Number of homes realtors typically have for sale has dropped to Rightmove record low after ‘frantic’ 18 months (Yui Mok / PA) (PA Archives)

The number of homes realtors typically have for sale has dropped to the lowest on a real estate website’s records after 18 “frantic” months.

A year ago, realtors had an average of 28 homes per branch on their books, but now that average has halved to just 14, according to Rightmove.

This means that sellers entering the market in the next few months and pricing their homes correctly have a good chance of being successful in the sale, he said.

The website said it was the lowest level per real estate agency it had ever recorded. Its figures on this subject date back to 2004.

Rightmove's map shows average asking prices across Great Britain (Rightmove / PA)

Rightmove’s map shows average asking prices across Great Britain (Rightmove / PA)

Tim Bannister, Director of Real Estate Data for Rightmove, said: “The kind of frenetic market we’ve seen over the past 18 months only happens a few times in the buying and selling lives of most homeowners, pandemic pushing homes higher on most people’s priorities.

“While the pandemic still has an ever-changing impact on society as the New Year approaches, we expect a housing market to approach normal during 2022.”

There are signs, however, that a new supply of properties is in the works. Requests from homeowners to realtors to have their homes appraised are up 19% from the same period a year ago, indicating that more choices will hit the market in the new year.

The average price of a house fell by £ 2,234 month-on-month in December.

Across Britain, the average asking price is £ 340,167, down 0.7% from November, Rightmove said.

Asking prices in December are on average 6.3% higher than a year ago – and Rightmove predicts that prices could rise another 5% next year.

Increasing accessibility to buyers and a wider choice of properties for sale will reduce the “pricing power” of sellers, Rightmove predicts.

Looking ahead to next year, Norfolk, Herefordshire and slightly less traditional places could be the biggest winners as buyers increasingly feel confident to move away from London.

Guy Robinson, Strutt & Parker

Giving advice for a successful sale, Mr. Bannister added, “Those who have worked on their finances as part of the preparation for the sale are obviously hoping to get the highest price possible.

“However, despite strong demand, buyers will have limits on what they can afford or are willing to pay.

“Plus, with inventory availability so low, any property that is left around stands out like a sore thumb and goes out of date pretty quickly.

“Rekindling interest in a property, which potential buyers have ignored as being out of date and overpriced, often results in deeper price reductions below what might have been a successful initial asking price. “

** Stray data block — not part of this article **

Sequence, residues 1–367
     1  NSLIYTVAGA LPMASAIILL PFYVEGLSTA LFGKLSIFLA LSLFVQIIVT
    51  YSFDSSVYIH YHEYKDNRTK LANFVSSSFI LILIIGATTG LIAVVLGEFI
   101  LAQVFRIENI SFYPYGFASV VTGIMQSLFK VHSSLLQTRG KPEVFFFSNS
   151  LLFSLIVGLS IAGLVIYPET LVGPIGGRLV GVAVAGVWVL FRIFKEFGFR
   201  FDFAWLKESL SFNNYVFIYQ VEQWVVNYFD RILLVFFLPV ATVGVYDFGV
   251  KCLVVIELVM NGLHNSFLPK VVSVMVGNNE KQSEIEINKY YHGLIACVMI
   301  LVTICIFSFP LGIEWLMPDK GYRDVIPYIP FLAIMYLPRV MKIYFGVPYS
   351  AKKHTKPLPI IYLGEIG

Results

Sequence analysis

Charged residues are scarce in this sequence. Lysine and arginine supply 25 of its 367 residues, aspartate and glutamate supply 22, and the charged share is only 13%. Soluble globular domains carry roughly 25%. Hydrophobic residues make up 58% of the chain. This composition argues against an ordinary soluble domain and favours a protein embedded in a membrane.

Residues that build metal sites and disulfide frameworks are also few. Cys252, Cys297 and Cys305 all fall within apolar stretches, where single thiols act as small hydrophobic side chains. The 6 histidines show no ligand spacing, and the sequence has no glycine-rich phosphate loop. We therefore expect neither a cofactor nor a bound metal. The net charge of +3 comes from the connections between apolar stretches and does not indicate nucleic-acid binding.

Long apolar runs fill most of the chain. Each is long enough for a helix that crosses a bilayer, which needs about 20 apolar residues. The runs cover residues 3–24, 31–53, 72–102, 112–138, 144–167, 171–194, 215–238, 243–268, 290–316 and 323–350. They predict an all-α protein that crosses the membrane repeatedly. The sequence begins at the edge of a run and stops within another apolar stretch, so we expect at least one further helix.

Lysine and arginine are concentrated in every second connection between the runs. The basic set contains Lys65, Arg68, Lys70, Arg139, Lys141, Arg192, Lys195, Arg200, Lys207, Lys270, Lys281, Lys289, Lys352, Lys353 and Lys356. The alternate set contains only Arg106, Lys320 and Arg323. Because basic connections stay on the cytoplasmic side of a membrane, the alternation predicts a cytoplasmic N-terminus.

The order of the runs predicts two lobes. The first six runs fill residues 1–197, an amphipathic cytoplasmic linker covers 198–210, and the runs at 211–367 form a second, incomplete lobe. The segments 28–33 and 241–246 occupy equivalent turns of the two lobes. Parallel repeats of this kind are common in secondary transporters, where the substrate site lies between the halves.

Guy Robinson, Head of Residential Agency at Strutt & Parker, said: “Demand from buyers continues to be strong and the number of applicants is still significantly higher per property than at any time since 2006.

“Inside London, activity cooled slightly with the onset of autumn, following a high level of transactions in the main central London market during the first half of the year. However, we expect the market to rebound over the next 12 months if international travel can resume as expected, releasing pent-up demand in the market.

“Outside of London, every region outperformed in 2021, in terms of number of deals, with coastal villages and major Cotswolds hotspots, and the £ 500,000 to £ 700,000 price range is the biggest market. dynamic.

“As for next year, cities like Norfolk, Herefordshire and places a little less traditional could be the biggest winners as buyers increase their confidence moving away from London. “

Oliver James, partner of James Dean Estate Agents in Wales, said: “We have had a fantastic year, selling more properties than ever before.

“We have seen a real increase in demand, especially for properties in semi-rural areas with gardens and views. Covid has changed people’s lifestyle choices, and working from home increasingly takes people out of cities.

“However, the wi-fi speed is therefore becoming even more important, which can be problematic for rural properties. The new instructions have been fewer than usual, which, combined with high demand, has led to several buyers. to want the same property.

“This has resulted in properties being sold for more than asking price.

“So now is a great time to be a seller, however, low inventory levels have also meant that some sellers have withdrawn an offer or even taken the price off the market when they are looking for their subsequent purchase.

“Next year we expect the market to remain strong, however the main concern is inventory levels. We need more new instructions. Many salespeople say, “I want to sell, but I haven’t seen anything that I like”.

“In this competitive market, it’s important for sellers to put their own home on the market before looking for their next purchase, because it puts them in the best position when a property they love hits the market.

Guy Gittins, CEO of Chestertons, said: “Despite the pandemic, we have had record performance in the market this year with a high number of home hunters looking for larger properties with outdoor space.”

He added, “As demand continues to outstrip supply, we anticipate a strong sellers market and further price increases. “

Marc von Grundherr, Director of Benham and Reeves, said: “In a year that has remained largely overshadowed by the uncertainty of Covid, we have seen a still resilient real estate market continue to show extremely high levels of growth in housing prices. “

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